President Park and her ruling New Frontier party want to introduce a package of laws that would fundamentally change the country’s labor market and undermine the power of unions. They would let employers fire workers arbitrarily, increase the use of temporary labor, and extend the contract term for temporary workers from the current two years to four. “If the reform passes, an employer could hire workers for four years, fire them temporarily, then rehire them for another four years, and they would have no incentive to hire permanent, regular workers,” [Korean Confederation of Trade Unions (KCTU) President Han Sang-gyun] warned in a recent interview. Contract workers are not entitled to the four major types of insurance that South Korean employers must legally provide to permanent workers—health insurance, unemployment insurance, industrial-accident compensation, and social security.  Unions say employers will use this loophole to replace regular workers with contract workers. Another proposed law would replace the country’s seniority-based salary system with a performance-based system, and let employers terminate workers based on subjective assessments of “low performance.” (Currently, “low performance” cannot be grounds to fire an employee legally, so employers resort to all manners of harassment and humiliation tactics to force employees to leave their jobs voluntarily.) Also, if companies want to push workers into early retirement, they are legally required to pay them 30 days or more of average wages for each year of consecutive service as severance pay.  This new system “would allow a company to get rid of unwanted workers without spending a dime,” Han said. The new law would also allow employers to change their employment regulations as they please without worker consent. By law, employers of ten workers or more are required to prepare rules of employment, such as payment method of wages and annual paid-leave, etc., and submit them to the Ministry of Labor, as well as post them where workers can have free access to them. A company can alter its employment regulations only with the explicit consent of the labor union, or, if there is no labor union, the majority of its workers. . . . The government is also introducing a peak-wage system, in which pay is automatically cut for workers at age 55.  The government argues that businesses need to cut the pay of older workers, because they become less productive as they age, and with the money they save, companies can hire more young people and solve the country’s growing youth unemployment. The government is trying to pit the young against the old, but its feigned concern for young people masks the real beneficiaries of the labor reform – companies that stand to reap enormous profits from cutting the wages of older workers and increasing their reliance on temporary labor.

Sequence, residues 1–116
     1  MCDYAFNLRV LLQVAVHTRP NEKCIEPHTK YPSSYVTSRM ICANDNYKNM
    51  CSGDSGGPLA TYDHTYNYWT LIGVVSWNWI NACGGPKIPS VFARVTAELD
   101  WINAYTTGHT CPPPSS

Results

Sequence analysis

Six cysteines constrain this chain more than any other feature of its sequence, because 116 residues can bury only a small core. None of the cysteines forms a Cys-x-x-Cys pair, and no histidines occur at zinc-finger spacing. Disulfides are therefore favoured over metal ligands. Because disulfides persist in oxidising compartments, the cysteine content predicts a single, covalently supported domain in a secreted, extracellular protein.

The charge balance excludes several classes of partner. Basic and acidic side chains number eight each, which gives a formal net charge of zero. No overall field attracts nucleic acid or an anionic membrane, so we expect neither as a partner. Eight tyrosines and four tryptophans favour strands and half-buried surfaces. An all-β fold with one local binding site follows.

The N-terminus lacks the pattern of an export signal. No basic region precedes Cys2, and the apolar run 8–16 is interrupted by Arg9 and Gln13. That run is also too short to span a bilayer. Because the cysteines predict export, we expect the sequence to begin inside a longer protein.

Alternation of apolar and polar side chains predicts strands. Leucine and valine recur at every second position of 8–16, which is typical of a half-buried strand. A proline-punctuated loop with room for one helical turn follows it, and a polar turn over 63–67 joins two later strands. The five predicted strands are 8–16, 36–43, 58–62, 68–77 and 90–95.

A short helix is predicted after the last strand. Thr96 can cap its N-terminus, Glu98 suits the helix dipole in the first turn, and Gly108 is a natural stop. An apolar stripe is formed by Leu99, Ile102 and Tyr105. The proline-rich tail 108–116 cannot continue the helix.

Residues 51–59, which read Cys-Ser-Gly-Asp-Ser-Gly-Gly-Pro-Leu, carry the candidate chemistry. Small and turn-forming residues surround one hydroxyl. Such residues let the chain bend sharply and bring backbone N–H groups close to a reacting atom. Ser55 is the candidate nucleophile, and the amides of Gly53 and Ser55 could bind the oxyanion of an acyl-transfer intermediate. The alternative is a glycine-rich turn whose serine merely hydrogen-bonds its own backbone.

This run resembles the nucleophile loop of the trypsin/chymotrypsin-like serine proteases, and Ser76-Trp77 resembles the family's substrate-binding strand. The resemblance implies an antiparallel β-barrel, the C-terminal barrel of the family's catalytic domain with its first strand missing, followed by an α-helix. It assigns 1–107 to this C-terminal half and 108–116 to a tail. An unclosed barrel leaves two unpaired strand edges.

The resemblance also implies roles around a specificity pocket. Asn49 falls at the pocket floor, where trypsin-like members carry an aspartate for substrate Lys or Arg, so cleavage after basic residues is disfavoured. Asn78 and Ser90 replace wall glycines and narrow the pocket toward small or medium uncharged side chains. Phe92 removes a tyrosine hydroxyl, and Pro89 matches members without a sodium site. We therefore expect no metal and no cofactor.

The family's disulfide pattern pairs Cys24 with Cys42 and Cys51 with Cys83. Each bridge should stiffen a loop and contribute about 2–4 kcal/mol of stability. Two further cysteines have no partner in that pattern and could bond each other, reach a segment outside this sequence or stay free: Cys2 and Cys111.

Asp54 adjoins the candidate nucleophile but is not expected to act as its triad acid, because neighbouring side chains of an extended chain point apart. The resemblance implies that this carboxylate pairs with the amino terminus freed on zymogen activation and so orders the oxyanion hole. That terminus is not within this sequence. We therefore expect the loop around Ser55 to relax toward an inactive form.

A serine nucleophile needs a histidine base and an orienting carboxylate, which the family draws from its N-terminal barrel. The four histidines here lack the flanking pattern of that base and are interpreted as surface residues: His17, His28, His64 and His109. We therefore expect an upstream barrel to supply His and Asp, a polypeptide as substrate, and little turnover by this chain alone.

The KCTU is fighting back, and they have allies.  The farmer’s movement opposes President Park’s push for new trade agreements that will drive down the price of rice, slash their income, and leave the country ever more food dependent.  And most people oppose the government’s proposal to take it upon itself to write the only history textbooks to be used in public schools.

The KCTU has worked to build a coalition of popular movements around a new vision for the country and helped initiate huge demonstrations in Seoul on November 14 and December 5 demanding the resignation of the president. Park, in response, ordered the police to raid the offices of several KCTU unions and unsuccessfully tried to outlaw new demonstrations.  She also ordered the arrests of top KCTU leaders.  The KCTU president was arrested on December 10.  The police are still searching for other union officers.  It appears that President Park will charge all of them with sedition, which if true will be first time such a charge has been made since the end of the military dictatorship.

There is a lot at stake in this struggle, one that seems to fly below the radar of the US media.  As I noted in a previous post:

With the deepening of corporate-led globalization processes, governments everywhere seek to weaken labor movements and worker protections and restrict options for public education and democratic debate. As a consequence, the KCTU’s efforts to revitalize its own union structures through its first ever direct election for top officers and renewed internal education and anchor a broad coalition of social forces around an alternative social vision deserves widespread support and serious study.

Martin Hart-Landsberg is Professor of Economics at Lewis and Clark College, Portland, Oregon; Adjunct Researcher at the Institute for Social Sciences, Gyeongsang National University, South Korea; and Adjunct Professor in the Labor Studies Program at Simon Fraser University, Canada. He is on the board of the Korea Policy Institute.